Tax Info Consumers Won't Grunt About
By the time this issue goes to print, many consumers will be running to the bank to cash their tax refund checksthat well-deserved lump sum perhaps anted up by Uncle Sam for a year's worth of generous charitable contributions.
One nonprofit, women's rights advocacy group, Global Fund for Women, opted to feed off the hazy, crazy days of tax season with a #10 outer envelope donor solicitation mailing that features the teaser: "Important: 2002 Tax Information" (605GLFUWO0203).
Surprisingly enough, there is, in fact, "important tax information" in the package.
What makes this effort unique is that inside on a folded 3-1/2" x 8-1/2" donation form, Global Fund for Women has indicated how much the recipient gave the previous year.
"This is the first time Global Fund for Women has done this particular mailing and concept for its direct mail," says Gwen Chapman, senior vice president, Mal Warwick & Associates, a full-service fund-raising company that championed the mailing. "We wanted to be sure to position [the effort] in keeping with the way Global Fund for Women feels about their donors. They're very donor-centric. They work hard at making donors happy."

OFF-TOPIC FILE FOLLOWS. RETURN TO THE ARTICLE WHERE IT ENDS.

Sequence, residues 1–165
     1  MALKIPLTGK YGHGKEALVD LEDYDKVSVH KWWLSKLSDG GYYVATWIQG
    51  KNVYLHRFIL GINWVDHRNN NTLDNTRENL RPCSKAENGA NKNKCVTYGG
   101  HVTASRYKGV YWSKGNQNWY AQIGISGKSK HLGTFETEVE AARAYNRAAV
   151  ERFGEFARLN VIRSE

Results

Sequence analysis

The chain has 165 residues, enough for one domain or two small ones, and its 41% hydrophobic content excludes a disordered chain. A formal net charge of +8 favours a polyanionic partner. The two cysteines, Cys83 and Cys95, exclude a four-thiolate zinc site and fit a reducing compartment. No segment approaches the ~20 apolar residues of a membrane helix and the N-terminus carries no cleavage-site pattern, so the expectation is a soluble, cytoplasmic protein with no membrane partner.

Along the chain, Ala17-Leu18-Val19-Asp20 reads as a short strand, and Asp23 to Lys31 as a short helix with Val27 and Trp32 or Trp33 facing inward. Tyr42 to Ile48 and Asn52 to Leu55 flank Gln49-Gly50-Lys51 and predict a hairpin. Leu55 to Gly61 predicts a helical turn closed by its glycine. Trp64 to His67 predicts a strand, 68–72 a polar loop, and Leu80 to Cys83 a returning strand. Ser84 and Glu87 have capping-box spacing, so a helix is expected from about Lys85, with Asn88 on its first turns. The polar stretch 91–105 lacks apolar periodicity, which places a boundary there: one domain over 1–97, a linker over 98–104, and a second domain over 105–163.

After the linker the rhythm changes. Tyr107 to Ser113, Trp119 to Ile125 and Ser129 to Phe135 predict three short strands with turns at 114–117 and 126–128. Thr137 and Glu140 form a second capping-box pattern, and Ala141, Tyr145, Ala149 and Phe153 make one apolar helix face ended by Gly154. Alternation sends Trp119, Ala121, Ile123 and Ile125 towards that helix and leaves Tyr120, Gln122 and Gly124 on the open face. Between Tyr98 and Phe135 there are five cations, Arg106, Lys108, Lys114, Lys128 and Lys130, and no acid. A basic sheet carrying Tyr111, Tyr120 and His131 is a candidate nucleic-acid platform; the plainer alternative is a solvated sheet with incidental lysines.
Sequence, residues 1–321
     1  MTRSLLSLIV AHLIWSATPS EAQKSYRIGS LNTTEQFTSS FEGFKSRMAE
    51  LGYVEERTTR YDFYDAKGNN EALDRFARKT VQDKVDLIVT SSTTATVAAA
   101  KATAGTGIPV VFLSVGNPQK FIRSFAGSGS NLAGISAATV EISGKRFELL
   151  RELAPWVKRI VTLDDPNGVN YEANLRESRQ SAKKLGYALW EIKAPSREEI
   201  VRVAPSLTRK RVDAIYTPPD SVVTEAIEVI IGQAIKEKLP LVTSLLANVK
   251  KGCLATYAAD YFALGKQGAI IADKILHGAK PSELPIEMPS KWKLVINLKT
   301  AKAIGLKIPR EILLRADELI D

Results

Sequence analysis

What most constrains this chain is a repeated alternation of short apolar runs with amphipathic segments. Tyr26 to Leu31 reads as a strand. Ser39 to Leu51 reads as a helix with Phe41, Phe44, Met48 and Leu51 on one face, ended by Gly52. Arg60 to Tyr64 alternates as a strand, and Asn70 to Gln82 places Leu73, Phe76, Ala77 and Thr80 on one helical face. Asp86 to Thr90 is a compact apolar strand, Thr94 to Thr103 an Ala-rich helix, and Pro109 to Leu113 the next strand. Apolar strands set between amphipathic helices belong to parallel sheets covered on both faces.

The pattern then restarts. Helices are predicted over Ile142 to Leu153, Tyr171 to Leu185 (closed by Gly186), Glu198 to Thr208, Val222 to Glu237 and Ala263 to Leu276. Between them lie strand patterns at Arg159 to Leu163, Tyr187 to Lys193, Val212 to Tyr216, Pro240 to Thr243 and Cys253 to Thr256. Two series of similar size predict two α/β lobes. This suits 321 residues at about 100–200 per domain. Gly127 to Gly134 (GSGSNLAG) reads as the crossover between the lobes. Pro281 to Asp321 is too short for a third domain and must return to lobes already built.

According to Chapman, two versions of this mailing were dropped to suit Global Fund for Women's different donor segments.
Monthly and lower-end donors received not only the top portion specifying their 2002 contributions, but also a bottom portion which is customized based on how much they give on a monthly basis. That section, akin to
traditional donor cards, gives them the option to make a New Year's resolution in 2003 by upgrading their monthly gift, says Chapman.
This segment also received a one-page, hand-written-looking letter devoid of personalization. It leads off in blue ink with the headline: "Thank You for Your Support."
"We felt that by doing the hand-written style it would make it feel more personal, even though it wasn't a personalized letter," says Chapman.
Many contributors just received the top portion of the insert, Chapman shares, and they are what Global Fund for Women classifies as "once-a-year donors" and "major donors"those who only wish to be solicited once a year, and those who gave sums in excess of $5,000, respectively. This segment also received a slightly modified letter with donors' names lasered in.
"The big challenge in sending out a mailing like this is you have to be confident that you are tabulating all the gifts that the donor made during the course of a year," says Chapman. "Otherwise, you will be inundated with calls from donors, imploring, 'That's not what I gave you.'"
In the spirit of donor communication, Chapman says that Global Fund for Women did encourage donors to call if the nonprofit's records were inaccurate. For example, the letter reads:
... I hope that the enclosed receipt for your 2002 gifts to the Global Fund for Women will be useful to you as you prepare your 2002 tax return. If our records are in error, please contact Lanell ...
"We're still getting results in, but we've covered the cost of the mailing already," Chapman says.